The Andean Dusk Cocktail is a combination of pisco, grapes, lemon juice, sugar syrup, and rosé champagne. It was invented by bartender Meaghan Dorman in 2012 in New York City.
With pisco and sparkling wine both being grape-based, this recipe has a beautiful way of highlighting this base ingredient without making it too one-dimensional.
Quick Facts Andean Dusk Cocktail
- Method: shaken
- Flavor profile: dry, slightly fruity
- How to serve it: straight up
- Best glassware: champagne flute
- Alcohol content: ~ 15% ABV, 19.5 grams of alcohol per serving
- 1 Cocktail Shaker
- 1 Jigger
- 1 Hawthorne Strainer
- 1 Muddler
- 1 Champagne Flute
- 2 seedless red grapes
- 1 oz Pisco
- 0.5 oz lemon juice - freshly squeezed
- 0.25 oz simple syrup
- 3.5 oz Rosé Champagne
- Gently muddle the seedless grapes in your cocktail shaker2 seedless red grapes
- Add freshly squeezed lemon juice, simple syrup, Pisco, and plenty of ice into your shaker. Shake well for 10 - 15 seconds.0.5 oz lemon juice, 0.25 oz simple syrup, 1 oz Pisco
- Strain the mix into a champagne flute and drop in one whole red grape
- Top up with Rose Champagne. Salut!3.5 oz Rosé Champagne
Ingredients of the Andean Dusk Cocktail
The drink is a sophisticated mix of grapes, a sweet component, and obligatory lemon juice. It's a nice sip, complex enough to make it stand out.
- Pisco: a grape-based, mostly colorless spirit from South America. Since all other ingredients in the Andean Dusk are so versatile, it does not call for a specific type. Go with your preferred bottle. If you're new to pisco, try one of the classic brands, like BarSol or Macchu Pisco. They're easy to get and great value for money.
- Champagne: To earn its name, the Andean Dusk calls for a rosé version. If you don't want to go for champagne, rosé prosecco is way more affordable and works perfectly fine.
- Grapes: Fresh red grapes are the third grape element in the cocktail. Because you muddle and mix them into the drink, they should be seedless.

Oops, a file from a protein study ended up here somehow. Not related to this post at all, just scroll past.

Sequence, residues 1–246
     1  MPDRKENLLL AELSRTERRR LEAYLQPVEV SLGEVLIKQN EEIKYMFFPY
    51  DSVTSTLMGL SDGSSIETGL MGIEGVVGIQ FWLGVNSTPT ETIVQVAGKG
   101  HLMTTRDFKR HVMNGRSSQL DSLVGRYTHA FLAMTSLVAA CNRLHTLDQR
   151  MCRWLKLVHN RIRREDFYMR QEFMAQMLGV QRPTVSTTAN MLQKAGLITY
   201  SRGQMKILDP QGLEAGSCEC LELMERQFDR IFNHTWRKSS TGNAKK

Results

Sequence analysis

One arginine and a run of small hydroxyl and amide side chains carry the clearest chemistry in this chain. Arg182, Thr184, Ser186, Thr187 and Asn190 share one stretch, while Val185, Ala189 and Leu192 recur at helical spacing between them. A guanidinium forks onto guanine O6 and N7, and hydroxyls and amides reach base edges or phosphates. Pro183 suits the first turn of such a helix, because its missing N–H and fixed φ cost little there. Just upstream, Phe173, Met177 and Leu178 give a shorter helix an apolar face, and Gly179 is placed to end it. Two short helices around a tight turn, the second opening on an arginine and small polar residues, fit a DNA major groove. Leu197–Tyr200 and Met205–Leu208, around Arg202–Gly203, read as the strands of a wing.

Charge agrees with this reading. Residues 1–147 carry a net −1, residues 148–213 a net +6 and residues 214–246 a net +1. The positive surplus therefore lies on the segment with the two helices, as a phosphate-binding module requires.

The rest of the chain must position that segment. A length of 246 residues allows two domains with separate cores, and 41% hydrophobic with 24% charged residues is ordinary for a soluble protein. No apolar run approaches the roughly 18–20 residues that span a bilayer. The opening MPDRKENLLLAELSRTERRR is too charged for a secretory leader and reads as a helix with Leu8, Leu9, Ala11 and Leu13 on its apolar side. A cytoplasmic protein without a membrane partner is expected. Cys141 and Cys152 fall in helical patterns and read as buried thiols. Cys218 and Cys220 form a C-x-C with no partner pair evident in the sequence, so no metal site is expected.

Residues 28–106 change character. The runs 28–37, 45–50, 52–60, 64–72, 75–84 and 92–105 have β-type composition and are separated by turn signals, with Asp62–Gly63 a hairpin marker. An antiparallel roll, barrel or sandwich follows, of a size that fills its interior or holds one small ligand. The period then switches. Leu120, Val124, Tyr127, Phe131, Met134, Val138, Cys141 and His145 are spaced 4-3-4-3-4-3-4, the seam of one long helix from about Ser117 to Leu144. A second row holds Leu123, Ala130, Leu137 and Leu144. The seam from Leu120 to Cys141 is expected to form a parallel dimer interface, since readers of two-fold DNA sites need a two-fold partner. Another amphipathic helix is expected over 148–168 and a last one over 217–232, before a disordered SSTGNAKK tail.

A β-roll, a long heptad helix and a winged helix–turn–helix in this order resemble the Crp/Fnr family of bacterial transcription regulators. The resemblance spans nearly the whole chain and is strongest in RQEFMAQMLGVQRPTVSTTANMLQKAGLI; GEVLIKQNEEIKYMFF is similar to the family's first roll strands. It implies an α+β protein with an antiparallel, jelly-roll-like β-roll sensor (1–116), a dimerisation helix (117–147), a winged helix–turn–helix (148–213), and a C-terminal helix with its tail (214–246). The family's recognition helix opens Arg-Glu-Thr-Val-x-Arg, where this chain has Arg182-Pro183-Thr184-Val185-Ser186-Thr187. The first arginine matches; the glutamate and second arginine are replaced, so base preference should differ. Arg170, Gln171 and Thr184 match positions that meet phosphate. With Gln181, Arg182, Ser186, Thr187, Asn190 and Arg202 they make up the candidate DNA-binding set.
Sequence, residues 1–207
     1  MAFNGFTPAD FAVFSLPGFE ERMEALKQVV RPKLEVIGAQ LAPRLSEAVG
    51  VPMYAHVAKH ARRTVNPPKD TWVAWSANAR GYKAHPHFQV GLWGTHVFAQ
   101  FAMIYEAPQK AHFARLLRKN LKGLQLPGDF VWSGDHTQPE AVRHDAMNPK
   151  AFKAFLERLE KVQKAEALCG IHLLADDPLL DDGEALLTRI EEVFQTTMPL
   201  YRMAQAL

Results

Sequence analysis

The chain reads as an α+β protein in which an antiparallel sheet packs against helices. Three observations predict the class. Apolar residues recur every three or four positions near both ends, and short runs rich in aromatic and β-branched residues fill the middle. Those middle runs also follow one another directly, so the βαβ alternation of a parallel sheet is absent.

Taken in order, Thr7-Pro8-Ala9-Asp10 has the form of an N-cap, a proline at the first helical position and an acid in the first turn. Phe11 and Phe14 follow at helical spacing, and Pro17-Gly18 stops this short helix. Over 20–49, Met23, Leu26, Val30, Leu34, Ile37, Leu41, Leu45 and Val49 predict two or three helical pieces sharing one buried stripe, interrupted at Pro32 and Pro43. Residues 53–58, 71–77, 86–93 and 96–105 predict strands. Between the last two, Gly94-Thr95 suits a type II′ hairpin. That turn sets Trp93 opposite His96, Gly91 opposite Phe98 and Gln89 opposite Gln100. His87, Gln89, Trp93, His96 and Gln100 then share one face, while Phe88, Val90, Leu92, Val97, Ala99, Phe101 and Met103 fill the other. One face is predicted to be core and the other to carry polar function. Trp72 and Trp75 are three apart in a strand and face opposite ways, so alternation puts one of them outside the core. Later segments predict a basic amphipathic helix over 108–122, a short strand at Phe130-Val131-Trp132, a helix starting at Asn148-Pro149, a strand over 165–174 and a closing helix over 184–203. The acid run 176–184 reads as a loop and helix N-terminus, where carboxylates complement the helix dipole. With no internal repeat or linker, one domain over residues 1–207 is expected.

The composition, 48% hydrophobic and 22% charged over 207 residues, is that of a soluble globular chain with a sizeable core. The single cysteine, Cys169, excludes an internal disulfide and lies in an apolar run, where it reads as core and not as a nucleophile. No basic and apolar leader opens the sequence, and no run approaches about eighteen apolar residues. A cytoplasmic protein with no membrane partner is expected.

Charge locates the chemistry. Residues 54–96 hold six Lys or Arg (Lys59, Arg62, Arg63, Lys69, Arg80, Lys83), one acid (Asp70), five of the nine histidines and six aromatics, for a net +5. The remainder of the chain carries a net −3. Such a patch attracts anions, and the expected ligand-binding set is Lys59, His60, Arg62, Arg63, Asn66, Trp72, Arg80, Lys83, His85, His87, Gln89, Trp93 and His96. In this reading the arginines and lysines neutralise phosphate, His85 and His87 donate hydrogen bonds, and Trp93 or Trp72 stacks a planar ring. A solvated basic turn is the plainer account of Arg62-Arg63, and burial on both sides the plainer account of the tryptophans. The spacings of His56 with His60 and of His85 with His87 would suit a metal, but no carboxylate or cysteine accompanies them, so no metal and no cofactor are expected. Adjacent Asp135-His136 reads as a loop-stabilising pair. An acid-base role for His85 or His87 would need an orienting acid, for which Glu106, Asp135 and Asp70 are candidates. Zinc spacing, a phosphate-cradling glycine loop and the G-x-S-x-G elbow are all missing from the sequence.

- Syrup: Simple syrup and lemon juice are necessary to balance the flavors in the cocktail.
- Lemon Juice: As always -to achieve the best results - you should freshly squeeze your lemon juice. Combined with simple syrup, it takes away the alcoholic edge and adds complexity.
Tips & Tricks for the Andean Dusk
The Andean Dusk Cocktail is not an overly complicated drink to make. Still, there are some details that you should pay attention to:
Expert Tips for Preparing the Drink:
This cocktail is served straight up - chilled but without ice. To keep the temperature of your drink low for as long as possible, all ingredients and the glass must be chilled properly.
Also, don't stir once you have poured the bubbly because it will quickly lose its carbonation, and your drink will fall flat.
Last, but not least, I recommend to double-strain your grape-syrup-lime mix, to ensure all grape pieces are filtered out.
Advice for Selecting Your Bubbly:
Champagne is a premium sparkling wine with a premium price tag. The reason so many cocktails call for champagne instead of other, more affordable sparkling wine is that, for a long time, there was nothing comparable readily available.
Today, however, things are very different. Thus, it is no problem at all to go for a prosecco or a cava. Just make sure to buy an extra dry or brut bottle. Semi-dry and dry are too sweet - despite their names.
In case you opt for prosecco, go for spumante, though, as you need a good dose of fizz in mixed drinks. Read more about prosecco and its different types.
A Tip for the Grapes:
As mentioned above, buy seedless grapes. You don't want tiny pieces of grape seeds in your drink. Plus, grape seeds release an unpleasant, bitter taste when crushed.
Since you muddle the fruit, it's likely you will crush some seeds during the process, which could spoil your drink.
If you want to try other drinks made with pisco or champagne, here is a list of cocktails we recommend to try:
- When replacing the bubbly with egg white and a few drops of Angostura bitters, you will get a beautiful Pisco Sour.
- Another option is the Pisco Collins. For that, you substitute the bubbly with sparkling water, change the ratios, and create a refreshing riff on the classic John Collins cocktail.
- The Death in the Afternoon, made with sparkling wine and absinthe, is another unique way to surprise your guests.
More About Pisco
Pisco is a grape spirit of Peruvian or Chilean origin. Both countries claim the invention of the spirit for themselves. However, so far, there is no conclusive answer to the debate.
Even today, Peru and Chile apply different production procedures that lead to notably different results. You can read the whole story in our guide to Pisco.